Imagine being used by the CIA and MI6 in a spy-game where innocent people die and you’re gagged to keep quiet.
Giant international corporations hire hitmen. The CIA and MI6 sanction immoral and illegal skulduggery. People die. Harry Fingle–an investigative journalist, searching for his brother’s killer–is appalled, and tries to publish his findings. He’s gagged, an assassin is briefed, and his ex-lover is stabbed.
Harry’s a pawn in a real-life game of chess played out by the security services.
Harry Fingle became certain the jury would find him guilty and that he’d go to prison for several years. At the beginning of the trial he had no doubt that his case would be thrown out of court; dismissed as a shameful case of trumped-up evidence manipulated by someone he’d upset in the past who’d convinced a corrupt policeman to press charges. But as the case dragged on and he listened to lie after lie, convincingly told by the prosecution witnesses and then highlighted by the skilful and eloquent prosecution barrister, Harry became more and more depressed and demoralised. He eventually doubted his own innocence and gave up any hope of walking free. Philip Stacey, his friend and boss, gave a powerful testimony in his favour. He told the judge and jury that Harry had only been doing his job. But Harry didn’t believe it convinced them.
‘Please stand,’ said a court official. The large, wooden door that led from the judge’s chambers creaked loudly as it opened. The noise rippled through the stifling and expectant silence of the courtroom. Harry stood up with his head down, and stared at his shoes as he heard the judge walk back to his seat on the bench.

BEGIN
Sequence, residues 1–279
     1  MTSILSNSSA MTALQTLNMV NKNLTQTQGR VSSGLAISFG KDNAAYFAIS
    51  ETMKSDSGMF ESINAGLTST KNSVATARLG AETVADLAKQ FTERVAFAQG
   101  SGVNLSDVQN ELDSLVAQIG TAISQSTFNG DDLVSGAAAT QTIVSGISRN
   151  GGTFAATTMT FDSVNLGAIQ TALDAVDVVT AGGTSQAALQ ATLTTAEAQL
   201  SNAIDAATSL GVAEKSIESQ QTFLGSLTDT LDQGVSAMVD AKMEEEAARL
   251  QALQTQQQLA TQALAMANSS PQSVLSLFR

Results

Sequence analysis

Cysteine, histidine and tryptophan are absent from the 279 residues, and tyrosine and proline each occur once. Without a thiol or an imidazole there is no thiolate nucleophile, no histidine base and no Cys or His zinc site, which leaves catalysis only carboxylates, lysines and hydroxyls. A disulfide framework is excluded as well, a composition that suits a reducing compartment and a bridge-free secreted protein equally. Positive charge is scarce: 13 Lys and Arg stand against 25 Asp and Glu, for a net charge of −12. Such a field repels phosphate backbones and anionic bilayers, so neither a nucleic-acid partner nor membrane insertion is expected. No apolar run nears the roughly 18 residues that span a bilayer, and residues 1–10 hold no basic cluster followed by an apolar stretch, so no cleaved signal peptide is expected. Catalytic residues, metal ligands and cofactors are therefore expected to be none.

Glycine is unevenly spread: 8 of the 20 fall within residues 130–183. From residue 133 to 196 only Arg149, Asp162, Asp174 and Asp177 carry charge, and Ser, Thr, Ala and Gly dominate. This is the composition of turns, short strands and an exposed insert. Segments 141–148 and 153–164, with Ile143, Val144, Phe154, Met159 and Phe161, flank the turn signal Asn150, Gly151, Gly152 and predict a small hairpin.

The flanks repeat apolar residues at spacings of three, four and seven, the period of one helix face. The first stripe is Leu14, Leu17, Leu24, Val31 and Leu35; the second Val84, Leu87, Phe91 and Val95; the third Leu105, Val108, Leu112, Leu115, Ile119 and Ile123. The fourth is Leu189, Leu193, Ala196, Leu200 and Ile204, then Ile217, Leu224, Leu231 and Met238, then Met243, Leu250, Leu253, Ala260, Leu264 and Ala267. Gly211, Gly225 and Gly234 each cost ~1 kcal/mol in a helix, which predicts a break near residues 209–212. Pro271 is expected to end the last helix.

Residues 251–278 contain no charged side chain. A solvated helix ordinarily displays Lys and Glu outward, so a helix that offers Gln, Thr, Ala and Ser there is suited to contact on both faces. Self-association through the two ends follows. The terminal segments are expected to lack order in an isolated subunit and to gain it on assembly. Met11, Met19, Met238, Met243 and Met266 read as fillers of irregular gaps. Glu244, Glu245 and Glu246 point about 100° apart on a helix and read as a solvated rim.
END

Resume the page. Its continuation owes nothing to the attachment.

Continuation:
The judge motioned for everyone to sit. Harry, with his head still bowed, lowered himself slowly down onto the hard, wooden seat he’d sat on every day for the last month. He looked up and glanced across to the seats directly behind his defence team’s table: to where his girlfriend sat. She wasn’t looking his way. He returned his gaze to the ground around his feet, and thought back to moments during the trial. The times when he’d thought she’d shown sympathy and belief in the untruths and downright fabrications peddled by the prosecution witnesses; he decided not to look her way again.
It’ll be over shortly and then she’ll be rid of me.
The trial judge, his white wig covering his hair, and dressed in his red robe with thick, black edging, proceeded at a slow pace to his seat, followed by the other court officials. AMIE LAU touched her straight, black hair and watched the deliberate and well-practised ritual. She turned to look at Harry. She kept her eyes fixed on him for some time, waiting for him to turn and see her so she could give him a sign of support. But he didn’t glance her way. She felt nervous, a bit sick, a touch unsteady, and was sure all colour had drained from her face. She turned back to watch the judge adjust his glasses to sit on the end of his nose. He looked over the rims towards the foreman of the jury, who stood next to and slightly forward from the other eleven jury members. The judge leant forward. He rested his robed arms on the bench and motioned for all in the courtroom to take their seats. He turned back to the foreman of the jury. Amie found the tension difficult to bear. She shook.
‘Members of the jury. Have you reached a verdict?’ the judge asked.
‘Yes, your honour.’
‘Is that a unanimous verdict?’
‘It is, your honour.’
The judge nodded to one of the court officials.
‘Will the defendant please stand,’ the court official said.
Amie gripped the sides of her chair. She turned again to look as Harry slowly stood up. He didn’t look her way. His gaze focused on something on the wall above the judge’s head.
‘Do you find the defendant, one Harry Nicholas Fingle, guilty or not guilty…